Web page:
Musical training shapes brain areas responsible for synchronizing rhythm and behavior


Drummers and brass players are better able to judge the timing of visual stimuli than members of the color guard, according to a naturalistic study of the world-class drum corps Bluecoats published in eNeuro. This counterintuitive finding extends previous research demonstrating superior sensory learning and memory from cross-training the brain’s audio and visual systems.

During an intensive, five-week spring training program, Nestor Matthews and colleagues compared the ability of young adult Bluecoat percussionists, brass players, and color guard to detect the order of moving stimuli mimicking the color guards’ visual displays. This study design enabled the researchers to investigate the effect of musical and visual training on visual timing, while controlling for experience and skill level.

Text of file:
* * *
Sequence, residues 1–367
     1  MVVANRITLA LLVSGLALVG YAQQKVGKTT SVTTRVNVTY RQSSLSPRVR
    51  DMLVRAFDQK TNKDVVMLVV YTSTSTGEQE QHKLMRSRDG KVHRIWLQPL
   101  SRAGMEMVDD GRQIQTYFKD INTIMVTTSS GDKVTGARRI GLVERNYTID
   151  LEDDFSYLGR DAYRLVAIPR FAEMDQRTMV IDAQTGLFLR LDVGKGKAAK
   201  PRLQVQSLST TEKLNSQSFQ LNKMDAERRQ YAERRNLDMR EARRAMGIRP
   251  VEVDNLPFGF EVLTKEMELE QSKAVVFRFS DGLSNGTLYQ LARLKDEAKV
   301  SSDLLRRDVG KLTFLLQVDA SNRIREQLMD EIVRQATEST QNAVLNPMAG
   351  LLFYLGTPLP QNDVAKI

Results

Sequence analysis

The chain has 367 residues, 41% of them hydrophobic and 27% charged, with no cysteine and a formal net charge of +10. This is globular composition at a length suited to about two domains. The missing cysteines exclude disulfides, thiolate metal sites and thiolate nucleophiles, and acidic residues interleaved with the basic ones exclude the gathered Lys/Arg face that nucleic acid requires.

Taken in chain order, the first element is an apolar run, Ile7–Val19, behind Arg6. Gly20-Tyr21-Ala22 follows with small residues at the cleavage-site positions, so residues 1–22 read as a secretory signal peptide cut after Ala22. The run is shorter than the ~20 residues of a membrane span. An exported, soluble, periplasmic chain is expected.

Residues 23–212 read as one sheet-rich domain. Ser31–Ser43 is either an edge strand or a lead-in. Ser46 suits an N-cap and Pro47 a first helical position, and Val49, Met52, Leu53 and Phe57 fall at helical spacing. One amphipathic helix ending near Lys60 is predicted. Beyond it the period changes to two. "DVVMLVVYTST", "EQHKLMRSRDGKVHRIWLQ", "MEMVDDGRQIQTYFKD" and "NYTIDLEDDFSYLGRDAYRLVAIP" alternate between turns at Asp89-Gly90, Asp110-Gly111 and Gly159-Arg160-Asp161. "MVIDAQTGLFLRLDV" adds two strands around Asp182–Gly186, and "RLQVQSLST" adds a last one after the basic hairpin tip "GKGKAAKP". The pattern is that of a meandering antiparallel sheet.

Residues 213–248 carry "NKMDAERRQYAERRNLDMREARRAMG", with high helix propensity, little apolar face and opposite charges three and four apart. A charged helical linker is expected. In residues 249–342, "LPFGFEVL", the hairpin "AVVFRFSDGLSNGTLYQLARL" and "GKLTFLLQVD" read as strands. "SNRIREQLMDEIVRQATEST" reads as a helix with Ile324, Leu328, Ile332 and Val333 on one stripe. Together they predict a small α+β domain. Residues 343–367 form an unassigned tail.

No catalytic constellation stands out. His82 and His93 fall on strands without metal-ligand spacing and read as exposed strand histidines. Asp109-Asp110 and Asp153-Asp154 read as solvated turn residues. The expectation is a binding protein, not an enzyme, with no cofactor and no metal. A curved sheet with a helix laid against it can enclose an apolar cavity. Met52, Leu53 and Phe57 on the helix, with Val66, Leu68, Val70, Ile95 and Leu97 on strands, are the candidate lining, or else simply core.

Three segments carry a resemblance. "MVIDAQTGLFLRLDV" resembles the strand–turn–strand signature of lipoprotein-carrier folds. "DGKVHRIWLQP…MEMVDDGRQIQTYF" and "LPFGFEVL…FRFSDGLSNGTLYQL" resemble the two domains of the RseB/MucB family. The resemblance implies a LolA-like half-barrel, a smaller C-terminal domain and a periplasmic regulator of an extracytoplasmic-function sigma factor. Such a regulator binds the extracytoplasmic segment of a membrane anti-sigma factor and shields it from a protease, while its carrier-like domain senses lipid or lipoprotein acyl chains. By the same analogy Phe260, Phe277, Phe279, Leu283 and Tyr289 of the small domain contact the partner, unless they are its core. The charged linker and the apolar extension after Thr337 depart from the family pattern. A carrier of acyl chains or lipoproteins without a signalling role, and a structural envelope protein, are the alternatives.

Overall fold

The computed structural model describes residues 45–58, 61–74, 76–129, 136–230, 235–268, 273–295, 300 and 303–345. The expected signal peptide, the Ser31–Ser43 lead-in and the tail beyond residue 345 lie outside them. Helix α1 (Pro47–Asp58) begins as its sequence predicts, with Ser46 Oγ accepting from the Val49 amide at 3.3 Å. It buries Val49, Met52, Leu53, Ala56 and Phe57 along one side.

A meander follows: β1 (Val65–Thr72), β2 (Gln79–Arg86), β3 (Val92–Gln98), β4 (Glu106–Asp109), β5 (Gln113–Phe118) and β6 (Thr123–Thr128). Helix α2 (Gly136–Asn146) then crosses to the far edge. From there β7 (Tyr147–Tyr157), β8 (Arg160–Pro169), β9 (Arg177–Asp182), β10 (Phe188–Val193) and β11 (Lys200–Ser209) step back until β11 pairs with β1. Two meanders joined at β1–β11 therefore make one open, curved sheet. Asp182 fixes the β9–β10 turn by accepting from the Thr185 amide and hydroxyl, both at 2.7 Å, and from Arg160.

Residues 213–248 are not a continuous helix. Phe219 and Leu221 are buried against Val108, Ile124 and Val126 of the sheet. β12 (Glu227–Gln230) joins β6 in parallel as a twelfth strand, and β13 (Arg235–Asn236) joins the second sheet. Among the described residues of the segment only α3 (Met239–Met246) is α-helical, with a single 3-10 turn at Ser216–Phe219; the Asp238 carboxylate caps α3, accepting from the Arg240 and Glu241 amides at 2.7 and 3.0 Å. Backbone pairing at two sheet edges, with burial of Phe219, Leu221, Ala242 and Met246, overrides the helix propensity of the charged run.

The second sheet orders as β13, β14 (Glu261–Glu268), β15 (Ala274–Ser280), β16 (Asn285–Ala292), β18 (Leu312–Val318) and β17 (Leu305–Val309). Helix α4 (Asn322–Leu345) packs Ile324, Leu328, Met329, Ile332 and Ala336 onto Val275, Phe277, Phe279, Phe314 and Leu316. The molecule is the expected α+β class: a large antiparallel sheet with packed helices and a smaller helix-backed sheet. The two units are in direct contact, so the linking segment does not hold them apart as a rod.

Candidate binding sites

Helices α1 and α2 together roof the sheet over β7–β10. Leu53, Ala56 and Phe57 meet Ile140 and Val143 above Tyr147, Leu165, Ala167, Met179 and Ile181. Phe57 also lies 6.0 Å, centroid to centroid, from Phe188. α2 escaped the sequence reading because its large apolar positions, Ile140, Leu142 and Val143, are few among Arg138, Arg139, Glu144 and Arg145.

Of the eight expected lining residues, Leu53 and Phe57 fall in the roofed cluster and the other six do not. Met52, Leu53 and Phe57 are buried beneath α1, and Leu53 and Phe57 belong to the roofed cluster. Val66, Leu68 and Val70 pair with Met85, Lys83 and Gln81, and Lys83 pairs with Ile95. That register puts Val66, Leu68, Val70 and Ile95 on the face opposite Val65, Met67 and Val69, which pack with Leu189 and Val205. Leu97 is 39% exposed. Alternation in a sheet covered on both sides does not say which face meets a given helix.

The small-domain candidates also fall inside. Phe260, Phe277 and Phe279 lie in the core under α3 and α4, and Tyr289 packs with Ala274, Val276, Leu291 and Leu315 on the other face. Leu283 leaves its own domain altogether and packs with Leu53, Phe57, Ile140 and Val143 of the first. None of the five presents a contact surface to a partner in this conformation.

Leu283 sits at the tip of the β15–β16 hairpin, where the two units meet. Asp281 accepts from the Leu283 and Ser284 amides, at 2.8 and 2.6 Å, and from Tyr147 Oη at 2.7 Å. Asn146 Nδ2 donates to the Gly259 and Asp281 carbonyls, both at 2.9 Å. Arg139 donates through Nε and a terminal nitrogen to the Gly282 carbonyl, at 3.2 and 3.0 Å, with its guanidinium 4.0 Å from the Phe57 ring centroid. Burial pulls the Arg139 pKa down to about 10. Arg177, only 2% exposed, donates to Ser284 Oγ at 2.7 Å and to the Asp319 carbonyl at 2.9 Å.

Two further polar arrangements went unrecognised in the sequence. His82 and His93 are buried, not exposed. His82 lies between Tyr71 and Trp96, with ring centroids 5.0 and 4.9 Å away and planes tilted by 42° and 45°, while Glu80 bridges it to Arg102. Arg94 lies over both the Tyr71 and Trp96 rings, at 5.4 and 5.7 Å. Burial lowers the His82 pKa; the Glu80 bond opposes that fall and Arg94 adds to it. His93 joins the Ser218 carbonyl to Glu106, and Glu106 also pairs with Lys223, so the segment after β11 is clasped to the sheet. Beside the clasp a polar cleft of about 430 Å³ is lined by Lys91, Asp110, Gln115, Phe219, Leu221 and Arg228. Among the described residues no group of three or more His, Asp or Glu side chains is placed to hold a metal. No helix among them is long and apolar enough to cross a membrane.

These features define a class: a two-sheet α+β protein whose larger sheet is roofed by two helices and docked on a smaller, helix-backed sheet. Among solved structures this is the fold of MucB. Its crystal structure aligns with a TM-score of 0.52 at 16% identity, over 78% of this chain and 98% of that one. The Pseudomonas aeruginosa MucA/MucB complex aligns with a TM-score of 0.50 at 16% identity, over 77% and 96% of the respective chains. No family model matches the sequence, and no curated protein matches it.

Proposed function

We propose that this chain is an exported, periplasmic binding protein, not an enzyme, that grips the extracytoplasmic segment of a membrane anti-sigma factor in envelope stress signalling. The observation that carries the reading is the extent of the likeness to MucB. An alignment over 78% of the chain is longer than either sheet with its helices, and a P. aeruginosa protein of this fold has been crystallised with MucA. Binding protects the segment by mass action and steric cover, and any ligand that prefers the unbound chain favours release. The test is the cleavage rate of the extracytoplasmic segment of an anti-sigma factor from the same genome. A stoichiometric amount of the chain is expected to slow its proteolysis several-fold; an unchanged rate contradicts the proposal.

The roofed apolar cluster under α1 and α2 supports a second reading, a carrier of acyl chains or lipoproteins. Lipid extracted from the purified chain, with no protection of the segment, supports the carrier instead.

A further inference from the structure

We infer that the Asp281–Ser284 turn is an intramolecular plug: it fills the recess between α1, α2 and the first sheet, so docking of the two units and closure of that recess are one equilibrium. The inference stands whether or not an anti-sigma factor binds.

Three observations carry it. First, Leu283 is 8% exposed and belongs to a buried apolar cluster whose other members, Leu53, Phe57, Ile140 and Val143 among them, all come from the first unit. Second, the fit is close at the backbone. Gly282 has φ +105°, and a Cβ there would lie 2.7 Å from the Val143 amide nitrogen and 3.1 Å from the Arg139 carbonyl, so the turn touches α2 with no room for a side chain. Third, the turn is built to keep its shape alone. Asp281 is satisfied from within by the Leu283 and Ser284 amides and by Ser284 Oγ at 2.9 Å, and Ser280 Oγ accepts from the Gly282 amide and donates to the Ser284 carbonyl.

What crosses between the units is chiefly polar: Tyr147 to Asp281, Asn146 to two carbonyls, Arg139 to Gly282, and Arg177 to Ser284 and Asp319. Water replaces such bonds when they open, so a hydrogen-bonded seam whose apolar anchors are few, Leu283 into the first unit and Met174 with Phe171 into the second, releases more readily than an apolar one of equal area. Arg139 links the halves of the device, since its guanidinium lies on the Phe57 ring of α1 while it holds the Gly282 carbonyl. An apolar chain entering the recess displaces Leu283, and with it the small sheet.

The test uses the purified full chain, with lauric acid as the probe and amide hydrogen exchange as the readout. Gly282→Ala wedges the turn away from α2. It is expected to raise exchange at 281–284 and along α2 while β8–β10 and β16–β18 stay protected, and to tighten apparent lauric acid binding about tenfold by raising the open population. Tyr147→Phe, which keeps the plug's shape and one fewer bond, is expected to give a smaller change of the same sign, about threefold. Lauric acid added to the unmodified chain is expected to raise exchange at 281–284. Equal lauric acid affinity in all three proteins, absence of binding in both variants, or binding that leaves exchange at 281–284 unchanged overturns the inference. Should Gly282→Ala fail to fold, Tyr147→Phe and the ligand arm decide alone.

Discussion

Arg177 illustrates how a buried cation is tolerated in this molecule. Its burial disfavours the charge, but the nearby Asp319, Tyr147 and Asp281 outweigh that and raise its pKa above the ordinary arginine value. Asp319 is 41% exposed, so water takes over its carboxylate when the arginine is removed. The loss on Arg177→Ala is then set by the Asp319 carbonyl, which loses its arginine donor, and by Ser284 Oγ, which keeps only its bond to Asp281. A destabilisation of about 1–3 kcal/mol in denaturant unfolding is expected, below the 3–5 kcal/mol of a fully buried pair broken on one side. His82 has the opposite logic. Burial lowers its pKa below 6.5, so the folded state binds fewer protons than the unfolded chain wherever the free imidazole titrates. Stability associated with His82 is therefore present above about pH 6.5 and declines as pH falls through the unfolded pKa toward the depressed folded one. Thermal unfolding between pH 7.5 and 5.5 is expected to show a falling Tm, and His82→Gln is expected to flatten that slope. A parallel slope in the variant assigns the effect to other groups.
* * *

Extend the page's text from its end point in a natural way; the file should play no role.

The results reveal percussionists perform the task more precisely and quickly than brass players, who perform better than the color guard. Taken together with findings from neuroimaging and brain stimulation research, this pattern suggests musical training shapes cortical areas responsible for synchronizing rhythm and behavior.





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